Cross-media ownership in India is in the spotlight, with the Telecom Regulatory Authority of India (Trai) holding consultations on the issue. As a participant in these discussions, I had a ringside view of the diverse arguments and reasoning offered by various vested interests, depending on where they stood on the issue.
These viewpoints—from diverse companies, such as media conglomerate Bennett, Coleman and Co. Ltd, the publisher of The Times of India, and mobile phone giant Bharti Airtel Ltd—are available on Trai’s website ( www.trai.gov.in/Consultation Papers_content.asp ).
Let me try and look at some evolving cross-media ownership patterns in India.
Typically, media businesses can broadly be categorized as carrier (medium), content (production) and distribution (platform). Carriers are television, radio, film, mobile, the Internet, newspapers and magazines. Content is typically the software—different genres of programmes for various mediums. Distribution is the carriage services that deliver content, including cable networks, direct-to-home (DTH) and Internet service providers. All these operations are heavily dependent on technology and are resource-intensive investments.
The last decade saw increased commercialization of Indian media with the entry of multinational media corporations and sharp expansion of domestic media companies. Inter-corporate investments and interlocking of directorships between media companies are also clearly emerging. In addition, the limited information on revenue patterns of media groups, especially large non-public ones, creates hurdles to getting a handle on media dominance and any emerging media monopolies.
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However, it is possible to visualize three types of accumulation of ownership interest in the media: cross-media ownership across the various carriers such as television, radio or print; consolidation, including vertical integration among media operations of content, carrier and distributor within a media segment such as television or radio; and market share dominance in a given geography within each media segment.
In the diverse cultural, lingual and social settings in our country, it may be difficult to visualize conditions of media dominance leading to market monopoly.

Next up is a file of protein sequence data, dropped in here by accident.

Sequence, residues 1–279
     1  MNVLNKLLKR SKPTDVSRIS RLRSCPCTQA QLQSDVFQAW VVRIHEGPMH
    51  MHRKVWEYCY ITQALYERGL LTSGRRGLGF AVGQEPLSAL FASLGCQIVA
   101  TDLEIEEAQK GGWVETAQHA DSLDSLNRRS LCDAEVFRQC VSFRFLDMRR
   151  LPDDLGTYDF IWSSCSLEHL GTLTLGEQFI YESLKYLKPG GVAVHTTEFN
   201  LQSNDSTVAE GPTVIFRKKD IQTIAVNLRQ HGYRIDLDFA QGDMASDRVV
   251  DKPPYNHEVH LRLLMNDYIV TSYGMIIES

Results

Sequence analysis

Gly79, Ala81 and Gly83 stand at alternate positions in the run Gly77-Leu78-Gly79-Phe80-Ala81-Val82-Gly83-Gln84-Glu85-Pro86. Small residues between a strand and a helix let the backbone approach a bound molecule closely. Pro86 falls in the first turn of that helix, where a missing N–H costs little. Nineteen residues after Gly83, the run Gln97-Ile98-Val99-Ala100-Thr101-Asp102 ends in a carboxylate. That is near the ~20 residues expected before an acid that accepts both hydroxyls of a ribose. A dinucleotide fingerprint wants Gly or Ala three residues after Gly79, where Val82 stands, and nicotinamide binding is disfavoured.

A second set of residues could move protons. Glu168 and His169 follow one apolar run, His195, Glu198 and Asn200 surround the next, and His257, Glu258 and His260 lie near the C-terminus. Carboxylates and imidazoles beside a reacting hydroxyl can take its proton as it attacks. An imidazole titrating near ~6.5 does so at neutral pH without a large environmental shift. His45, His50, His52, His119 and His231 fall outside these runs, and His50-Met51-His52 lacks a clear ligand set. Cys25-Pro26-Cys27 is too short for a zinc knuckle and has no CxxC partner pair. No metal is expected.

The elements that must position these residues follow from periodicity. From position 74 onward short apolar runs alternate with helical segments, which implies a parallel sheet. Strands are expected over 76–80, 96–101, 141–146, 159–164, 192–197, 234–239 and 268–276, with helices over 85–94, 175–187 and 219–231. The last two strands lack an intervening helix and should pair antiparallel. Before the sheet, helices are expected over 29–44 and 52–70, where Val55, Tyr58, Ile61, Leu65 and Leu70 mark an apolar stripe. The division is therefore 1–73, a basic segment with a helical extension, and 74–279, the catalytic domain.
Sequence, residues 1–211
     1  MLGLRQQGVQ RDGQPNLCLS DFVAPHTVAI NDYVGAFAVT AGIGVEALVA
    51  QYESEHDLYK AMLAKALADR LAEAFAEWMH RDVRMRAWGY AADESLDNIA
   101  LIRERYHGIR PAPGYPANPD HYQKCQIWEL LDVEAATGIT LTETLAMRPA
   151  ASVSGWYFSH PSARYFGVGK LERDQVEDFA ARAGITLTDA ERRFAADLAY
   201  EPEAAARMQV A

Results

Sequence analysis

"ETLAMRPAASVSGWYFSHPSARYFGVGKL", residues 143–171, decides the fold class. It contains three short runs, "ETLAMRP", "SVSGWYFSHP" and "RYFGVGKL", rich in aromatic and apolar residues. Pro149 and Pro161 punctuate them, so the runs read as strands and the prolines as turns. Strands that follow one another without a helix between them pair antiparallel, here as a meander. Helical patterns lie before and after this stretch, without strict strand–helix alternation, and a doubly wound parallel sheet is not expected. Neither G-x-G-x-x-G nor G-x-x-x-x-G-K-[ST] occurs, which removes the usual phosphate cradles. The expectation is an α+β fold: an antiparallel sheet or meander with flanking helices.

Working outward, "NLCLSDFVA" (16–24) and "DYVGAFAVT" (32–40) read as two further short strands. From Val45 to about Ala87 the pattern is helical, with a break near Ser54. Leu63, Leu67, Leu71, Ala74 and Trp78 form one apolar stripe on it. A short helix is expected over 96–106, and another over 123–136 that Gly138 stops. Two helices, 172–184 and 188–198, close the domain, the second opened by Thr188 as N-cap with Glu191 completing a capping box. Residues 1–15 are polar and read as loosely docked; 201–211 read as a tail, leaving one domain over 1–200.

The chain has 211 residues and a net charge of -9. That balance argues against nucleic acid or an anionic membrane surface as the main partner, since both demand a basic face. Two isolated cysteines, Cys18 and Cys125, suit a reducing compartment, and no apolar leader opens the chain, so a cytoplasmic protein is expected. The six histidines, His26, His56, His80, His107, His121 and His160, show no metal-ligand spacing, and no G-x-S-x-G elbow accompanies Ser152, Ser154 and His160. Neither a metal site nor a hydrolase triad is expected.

However, there are already at least six states where a single media house has a clear and growing dominance. These are media groups that are emerging as national conglomerates. They are all in the news business as well as in entertainment, media distribution and network business. They own newspapers, magazines, radio, cable TV and television channels, to name their key businesses.
Most media companies in India and abroad are integrating vertically to sell cross-media, often acquiring or building multimedia platforms. News Corp.’s Star TV India and Sun TV Network Ltd already own DTH and cable distribution platforms. Star’s cross-media India operations include television channels, Internet offerings, radio, mobile entertainment and home video (incidentally, 11 cable distribution companies provide some 400 television channels in India).
Sun Network has 14 TV channels in four states, cable assets, four magazines, radio stations and two newspapers. In Tamil Nadu, the dominance of Sun in cable and satellite TV (channels and distribution network) and now in the DTH market is quite visible. Sun TV and its cable company are known to simply blackout political telecasts by rival Jaya TV.
Realizing the leverage provided by media, the Dravida Munnetra Kazhagam government has taken steps to start its own channels and even a government cable network. Similarly, realizing the dominance of the Eenadu group, the Congress government in Andhra Pradesh, in the form of the son of state chief minister Y.S. Rajasekhara Reddy, went all out to break this monopoly by starting a newspaper—Sakshi—and a television channel, besides promoting a few magazines.
In India, there is no general policy on ownership and cross-media restrictions, as far as restrictions between print and electronic media are concerned. However, the restrictions for different segments within the broadcasting sector are dictated by the policy framework for each segment, such as DTH guidelines or FM radio policy. I think it is indeed time to debate regulatory issues for cross-media ownership and, in the absence of an independent media regulator, the Trai discussions have long-term implications for the critical and booming Indian media industry. In my next column, I will look at cross-media ownership implications to audiences as well as to the industry itself.
P.N. Vasanti is director of New Delhi-based multidisciplinary research organization, Centre for Media Studies. Your comments and feedback on this column, which runs every other Friday, are welcome at firstname.lastname@example.org
Graphics by Paras Jain / Mint